Home | BGAV Blog | 20/20 Vision

20/20 Vision

Posted: 1/10/20 at 1:30pm. Column by Ed Jordan.

January is a time to give thought to what we hope to accomplish in the new year, so to aid in your thinking about that subject, I would like to have you consider looking at your life with 20/20 vision.

If you are a Christian, the plans that you make for the new year should be plans that relate to what God desires to do in and through your life.

As I hope is obvious, the title of this column has double meaning: I am talking about 20/20 spiritual vision. Most of us understand that 20/20 vision basically means perfect eyesight—with both far sight and near sight in balance.

Many of us can see what is near clearly, but what is far away is fuzzy, or vice versa. That’s when we use corrective lenses to bring both near and far into proper focus—back to 20/20.

We can use this same principle regarding 20/20 spiritual vision as well. For 20/20 vision in the coming year, we need three things. One, we need a clear vision of aspects of our lives that are near to us, perhaps present in our lives right now.

Jesus came to be light to all peoples, that we may see the way forward to join God’s people through Jesus, the Messiah.

We can evaluate our present lives, kind of like reading a map at the shopping mall. There is usually an arrow that says, “You are here.” It is important to know where we are right now, before we try to navigate to where we would like to go.

In Luke 2, we find Joseph and Mary taking the baby Jesus into the Temple to be dedicated to God. A righteous and devout man named Simeon was led by the Holy Spirit to enter the temple at the same time.

When Simeon saw Jesus, he took him in his arms, praised God, and said in Luke 2:29-32 (NLT): “Sovereign Lord, now let Your servant die in peace, as You have promised. I have seen Your salvation, which You have prepared for all people. He is a light to reveal God to the nations, and He is the glory of Your people Israel!” Simeon could clearly see what was near to him: he saw who Jesus really was.

Secondly, we need far-seeing vision as well. With spiritual far-sight, Simeon clearly saw what God was going to do through Jesus: he was going to reveal God to the non-Jewish ethnic groups and reveal the goodness and glory of God to the Jews.

Jesus came to be light to all peoples, that we may see the way forward to join God’s people through Jesus, the Messiah.

We each need to do the same thing today. We must see near: we have to begin by understanding who we are and where we are.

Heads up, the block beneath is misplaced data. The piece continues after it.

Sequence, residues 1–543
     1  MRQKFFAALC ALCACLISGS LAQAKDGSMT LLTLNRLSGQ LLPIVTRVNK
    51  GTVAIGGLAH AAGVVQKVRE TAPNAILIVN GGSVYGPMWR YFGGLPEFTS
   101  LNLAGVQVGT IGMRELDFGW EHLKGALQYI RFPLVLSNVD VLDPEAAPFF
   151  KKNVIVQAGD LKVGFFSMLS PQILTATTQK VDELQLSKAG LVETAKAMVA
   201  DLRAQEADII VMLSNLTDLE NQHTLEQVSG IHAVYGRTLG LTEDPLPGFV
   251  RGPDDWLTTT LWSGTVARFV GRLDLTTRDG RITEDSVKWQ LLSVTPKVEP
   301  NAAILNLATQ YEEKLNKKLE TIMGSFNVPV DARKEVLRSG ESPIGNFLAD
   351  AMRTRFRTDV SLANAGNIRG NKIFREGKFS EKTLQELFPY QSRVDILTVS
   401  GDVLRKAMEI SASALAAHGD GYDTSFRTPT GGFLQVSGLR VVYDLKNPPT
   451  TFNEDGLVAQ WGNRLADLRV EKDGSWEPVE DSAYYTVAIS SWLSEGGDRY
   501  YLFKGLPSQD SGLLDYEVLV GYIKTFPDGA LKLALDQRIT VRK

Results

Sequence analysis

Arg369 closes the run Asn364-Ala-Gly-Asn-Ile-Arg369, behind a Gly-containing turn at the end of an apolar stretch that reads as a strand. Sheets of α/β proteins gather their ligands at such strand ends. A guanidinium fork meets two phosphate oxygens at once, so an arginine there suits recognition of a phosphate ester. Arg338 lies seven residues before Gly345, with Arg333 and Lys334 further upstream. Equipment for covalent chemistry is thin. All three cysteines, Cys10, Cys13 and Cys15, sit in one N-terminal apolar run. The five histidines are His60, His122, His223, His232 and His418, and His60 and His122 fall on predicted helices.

We also must see far: we need to let Jesus reveal to us what he wants to accomplish in our lives in the long term. We need both to have 20/20 spiritual eyesight.

But there is one more thing greatly needed to see clearly and follow God fully. Several months ago I went to the eye doctor, thinking I would need new glasses because it was becoming more difficult to read. But the doctor said that my sight was 20/20 with my corrective lenses. What I really needed was more light!  

You see, no matter how good your vision is, it is only as good as the amount of light shining on what you are looking at. God’s Spirit was upon Simeon, so he recognized Jesus as the Messiah, he saw that Jesus would provide salvation for all, and he also saw Jesus as the light to reveal God to anyone who would look.  

Pray and ask God’s Spirit to reveal to you what God in Jesus is doing in your life right now, in the present aspects of your life.

How is God at work in you now?

What does God want you to accomplish in the future?

Pray and ask God’s Spirit to illuminate the things that God wants to do in and through your life this year.

May God’s spirit illuminate how God is at work in your life right now in the nearsighted view, and illuminate how he wants to work through you in the farsighted months ahead.

“Spirit of God, shine your light into our hearts that we can clearly see you at work now, and shine your light on the path you want us to walk into the future. Amen!”

ed-jordan2Award-winning columnist Dr. Ed Jordan is pastor of Gwynn’s Island Baptist Church, Gwynn, VA. You may also read his past columns.

He can be reached at szent.edward@gmail.com.